SCOREBOARD Whirlwind summer for Hurley, topped by ESPY Award

Plans for Hurley Family Foundation and golf outing

GETTING HIS ESPY – Legendary Hall of Fame basketball coach Bob Hurley proudly displays the ESPY Award he won last month in Los Angeles. After the closure of St. Anthony High School in June, Hurley is planning the next phase of his life, the Hurley Family Foundation, a program that will begin this fall.
GETTING HIS ESPY – Legendary Hall of Fame basketball coach Bob Hurley proudly displays the ESPY Award he won last month in Los Angeles. After the closure of St. Anthony High School in June, Hurley is planning the next phase of his life, the Hurley Family Foundation, a program that will begin this fall.

If anyone thought for a brief millisecond that Bob Hurley was going to sneak off into a quiet retirement after the closing of St. Anthony High School in June, well… guess again.
First and foremost was the biggest surprise of the summer, when Hurley was presented with an ESPY Award for Coach of the Year at the annual star-studded awards presentation at the Staples Center in Los Angeles last month.
The awards presentation took place about a month ago – Hurley has not stopped moving and traveling since – and the legendary Hall of Fame basketball coach cannot put into words the experience of receiving the award.
“This was an ESPY,” Hurley exclaimed. “Everywhere you looked, there was a celebrity. There were so many. Pedro Martinez walked right by me and I didn’t even see him. Jim Brown sat right next to me. I remember when he was tearing up the Giants at Yankee Stadium in 1957 and I was like 10 years old. There he was. It was like the Oscars or the Emmys only for sports. It was one amazing thing after another. Jeremy Renner, Bryan Cranston. It was an out of body experience.”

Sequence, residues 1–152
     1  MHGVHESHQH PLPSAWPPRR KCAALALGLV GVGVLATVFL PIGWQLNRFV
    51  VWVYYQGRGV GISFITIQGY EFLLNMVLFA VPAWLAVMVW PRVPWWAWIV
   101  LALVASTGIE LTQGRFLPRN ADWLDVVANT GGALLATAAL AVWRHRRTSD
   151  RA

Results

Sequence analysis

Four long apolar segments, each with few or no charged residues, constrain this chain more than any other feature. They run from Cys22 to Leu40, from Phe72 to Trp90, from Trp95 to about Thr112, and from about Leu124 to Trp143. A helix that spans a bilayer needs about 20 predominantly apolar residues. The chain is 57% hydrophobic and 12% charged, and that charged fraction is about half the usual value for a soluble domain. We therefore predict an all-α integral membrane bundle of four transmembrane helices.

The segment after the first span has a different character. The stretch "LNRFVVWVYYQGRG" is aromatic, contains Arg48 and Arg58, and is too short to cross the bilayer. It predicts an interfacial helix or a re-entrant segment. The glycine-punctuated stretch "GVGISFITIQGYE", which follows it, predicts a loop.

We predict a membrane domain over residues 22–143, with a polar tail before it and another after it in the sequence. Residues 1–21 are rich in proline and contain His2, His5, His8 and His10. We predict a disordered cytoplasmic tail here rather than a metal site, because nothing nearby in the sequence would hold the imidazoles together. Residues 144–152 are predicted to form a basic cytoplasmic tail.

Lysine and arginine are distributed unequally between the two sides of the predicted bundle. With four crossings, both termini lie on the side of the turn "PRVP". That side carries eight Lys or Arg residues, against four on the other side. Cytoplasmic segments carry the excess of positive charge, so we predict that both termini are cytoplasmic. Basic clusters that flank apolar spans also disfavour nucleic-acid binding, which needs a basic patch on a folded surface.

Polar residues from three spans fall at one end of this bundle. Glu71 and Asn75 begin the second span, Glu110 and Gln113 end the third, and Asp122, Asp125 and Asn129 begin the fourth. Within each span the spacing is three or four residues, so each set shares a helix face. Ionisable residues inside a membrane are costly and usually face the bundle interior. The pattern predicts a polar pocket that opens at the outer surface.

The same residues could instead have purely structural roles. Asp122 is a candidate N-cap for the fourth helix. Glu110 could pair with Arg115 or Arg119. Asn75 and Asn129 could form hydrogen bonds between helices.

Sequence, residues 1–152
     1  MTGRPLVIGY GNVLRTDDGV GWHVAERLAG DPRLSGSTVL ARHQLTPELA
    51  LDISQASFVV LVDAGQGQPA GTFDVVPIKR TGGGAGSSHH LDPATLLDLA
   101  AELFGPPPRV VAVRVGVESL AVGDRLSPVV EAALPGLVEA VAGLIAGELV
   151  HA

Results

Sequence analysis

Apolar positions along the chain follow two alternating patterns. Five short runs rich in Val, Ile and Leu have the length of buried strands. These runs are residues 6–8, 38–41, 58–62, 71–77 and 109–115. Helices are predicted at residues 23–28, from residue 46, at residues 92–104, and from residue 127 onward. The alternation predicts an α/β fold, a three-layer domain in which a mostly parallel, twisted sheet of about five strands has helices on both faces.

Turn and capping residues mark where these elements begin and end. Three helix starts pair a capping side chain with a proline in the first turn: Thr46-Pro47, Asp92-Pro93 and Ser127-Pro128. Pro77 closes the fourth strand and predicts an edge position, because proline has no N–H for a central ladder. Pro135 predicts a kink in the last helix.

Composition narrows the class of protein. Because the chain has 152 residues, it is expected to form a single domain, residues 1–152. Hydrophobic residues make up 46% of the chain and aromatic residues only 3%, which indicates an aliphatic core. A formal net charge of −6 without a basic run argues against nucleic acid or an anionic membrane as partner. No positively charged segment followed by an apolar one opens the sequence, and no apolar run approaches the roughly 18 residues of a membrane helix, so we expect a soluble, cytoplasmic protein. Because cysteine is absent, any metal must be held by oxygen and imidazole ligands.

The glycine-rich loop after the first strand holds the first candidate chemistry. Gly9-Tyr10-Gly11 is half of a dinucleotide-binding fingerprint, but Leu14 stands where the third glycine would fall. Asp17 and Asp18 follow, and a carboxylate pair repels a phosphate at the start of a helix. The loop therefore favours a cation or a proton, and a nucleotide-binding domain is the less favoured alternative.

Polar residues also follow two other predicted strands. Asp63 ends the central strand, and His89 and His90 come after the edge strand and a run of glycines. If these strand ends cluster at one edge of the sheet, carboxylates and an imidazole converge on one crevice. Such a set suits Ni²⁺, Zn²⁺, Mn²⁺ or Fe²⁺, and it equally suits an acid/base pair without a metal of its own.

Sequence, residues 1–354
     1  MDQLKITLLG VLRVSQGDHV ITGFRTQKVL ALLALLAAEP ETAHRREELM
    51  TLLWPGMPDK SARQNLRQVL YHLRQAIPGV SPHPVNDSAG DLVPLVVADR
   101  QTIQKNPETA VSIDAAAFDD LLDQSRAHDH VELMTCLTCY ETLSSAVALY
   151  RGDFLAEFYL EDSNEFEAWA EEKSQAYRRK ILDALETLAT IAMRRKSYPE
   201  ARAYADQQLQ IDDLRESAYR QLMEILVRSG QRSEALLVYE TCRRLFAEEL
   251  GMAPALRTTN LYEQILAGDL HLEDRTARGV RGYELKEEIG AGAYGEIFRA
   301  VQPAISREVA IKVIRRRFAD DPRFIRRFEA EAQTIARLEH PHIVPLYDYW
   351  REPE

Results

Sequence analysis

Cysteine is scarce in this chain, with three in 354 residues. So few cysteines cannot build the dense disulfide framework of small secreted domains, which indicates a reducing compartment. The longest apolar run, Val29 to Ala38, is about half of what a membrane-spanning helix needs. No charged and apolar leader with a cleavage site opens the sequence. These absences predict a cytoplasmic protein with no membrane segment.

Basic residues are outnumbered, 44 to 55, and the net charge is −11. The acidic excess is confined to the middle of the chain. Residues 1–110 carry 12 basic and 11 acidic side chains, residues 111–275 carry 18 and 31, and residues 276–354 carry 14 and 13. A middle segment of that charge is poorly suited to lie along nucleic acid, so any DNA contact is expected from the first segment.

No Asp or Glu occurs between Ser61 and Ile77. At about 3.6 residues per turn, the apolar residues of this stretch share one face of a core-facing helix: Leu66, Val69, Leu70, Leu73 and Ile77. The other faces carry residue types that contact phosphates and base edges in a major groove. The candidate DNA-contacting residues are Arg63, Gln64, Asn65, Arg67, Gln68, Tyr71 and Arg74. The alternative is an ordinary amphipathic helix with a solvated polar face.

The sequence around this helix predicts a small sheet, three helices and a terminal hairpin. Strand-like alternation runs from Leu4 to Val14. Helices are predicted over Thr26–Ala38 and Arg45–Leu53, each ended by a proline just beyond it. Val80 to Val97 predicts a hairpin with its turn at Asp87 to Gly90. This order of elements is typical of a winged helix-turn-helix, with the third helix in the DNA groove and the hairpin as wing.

Hurley said that he first learned of receiving the award at the night when the newly-refurbished White Eagle Hall had its christening.
Josh Cook [the producer of the ESPYs] was at the event at White Eagle and Harlan Schlicher [a long-time St. Anthony supporter and contributor] introduced me,” Hurley said. “Harlan said that Josh was going to give me an ESPY this year and I just said, ‘Yeah, OK,’ and didn’t think much of it. But then we had about two weeks notice to get the entire family together to come to Los Angeles for the night.”
Cook’s production team flew Hurley, wife Chris, sons Bobby and Danny, daughter Melissa Ursic and their entire families to Los Angeles for the event.
“I also didn’t know if this was going to happen off-camera or on the red carpet or what,” Hurley said. “They told me I had three minutes to give a speech.”
For the first time in Hurley’s long and esteemed public speaking career, he was asked to prepare something in writing to give to the staff so the speech could be put on a teleprompter. All of his other speeches – including the one when he was inducted into the Naismith Memorial Basketball Hall of Fame in Springfield, Massachusetts seven years ago, in front of an audience of basketball royalty – were completely unprepared and unscripted.